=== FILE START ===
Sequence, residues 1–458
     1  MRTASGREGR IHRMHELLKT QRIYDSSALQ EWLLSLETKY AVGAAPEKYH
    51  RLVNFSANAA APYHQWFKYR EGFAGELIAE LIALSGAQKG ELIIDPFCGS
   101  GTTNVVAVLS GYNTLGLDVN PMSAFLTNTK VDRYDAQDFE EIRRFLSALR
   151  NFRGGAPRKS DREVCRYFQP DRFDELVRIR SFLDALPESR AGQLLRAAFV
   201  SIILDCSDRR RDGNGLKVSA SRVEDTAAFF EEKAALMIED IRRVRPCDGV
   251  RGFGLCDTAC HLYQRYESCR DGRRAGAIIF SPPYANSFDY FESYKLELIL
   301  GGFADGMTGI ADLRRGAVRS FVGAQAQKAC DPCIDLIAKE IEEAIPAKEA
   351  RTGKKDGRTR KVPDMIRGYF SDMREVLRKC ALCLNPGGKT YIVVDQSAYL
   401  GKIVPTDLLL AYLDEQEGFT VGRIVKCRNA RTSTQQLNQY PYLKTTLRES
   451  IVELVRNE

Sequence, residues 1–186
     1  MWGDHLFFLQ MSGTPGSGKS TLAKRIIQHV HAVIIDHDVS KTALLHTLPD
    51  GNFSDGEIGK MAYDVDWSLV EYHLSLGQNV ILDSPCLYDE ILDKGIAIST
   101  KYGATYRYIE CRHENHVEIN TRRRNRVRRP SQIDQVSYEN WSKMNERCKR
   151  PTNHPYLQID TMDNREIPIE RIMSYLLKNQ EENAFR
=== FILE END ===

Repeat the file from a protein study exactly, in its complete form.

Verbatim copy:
Sequence, residues 1–458
     1  MRTASGREGR IHRMHELLKT QRIYDSSALQ EWLLSLETKY AVGAAPEKYH
    51  RLVNFSANAA APYHQWFKYR EGFAGELIAE LIALSGAQKG ELIIDPFCGS
   101  GTTNVVAVLS GYNTLGLDVN PMSAFLTNTK VDRYDAQDFE EIRRFLSALR
   151  NFRGGAPRKS DREVCRYFQP DRFDELVRIR SFLDALPESR AGQLLRAAFV
   201  SIILDCSDRR RDGNGLKVSA SRVEDTAAFF EEKAALMIED IRRVRPCDGV
   251  RGFGLCDTAC HLYQRYESCR DGRRAGAIIF SPPYANSFDY FESYKLELIL
   301  GGFADGMTGI ADLRRGAVRS FVGAQAQKAC DPCIDLIAKE IEEAIPAKEA
   351  RTGKKDGRTR KVPDMIRGYF SDMREVLRKC ALCLNPGGKT YIVVDQSAYL
   401  GKIVPTDLLL AYLDEQEGFT VGRIVKCRNA RTSTQQLNQY PYLKTTLRES
   451  IVELVRNE

Sequence, residues 1–186
     1  MWGDHLFFLQ MSGTPGSGKS TLAKRIIQHV HAVIIDHDVS KTALLHTLPD
    51  GNFSDGEIGK MAYDVDWSLV EYHLSLGQNV ILDSPCLYDE ILDKGIAIST
   101  KYGATYRYIE CRHENHVEIN TRRRNRVRRP SQIDQVSYEN WSKMNERCKR
   151  PTNHPYLQID TMDNREIPIE RIMSYLLKNQ EENAFR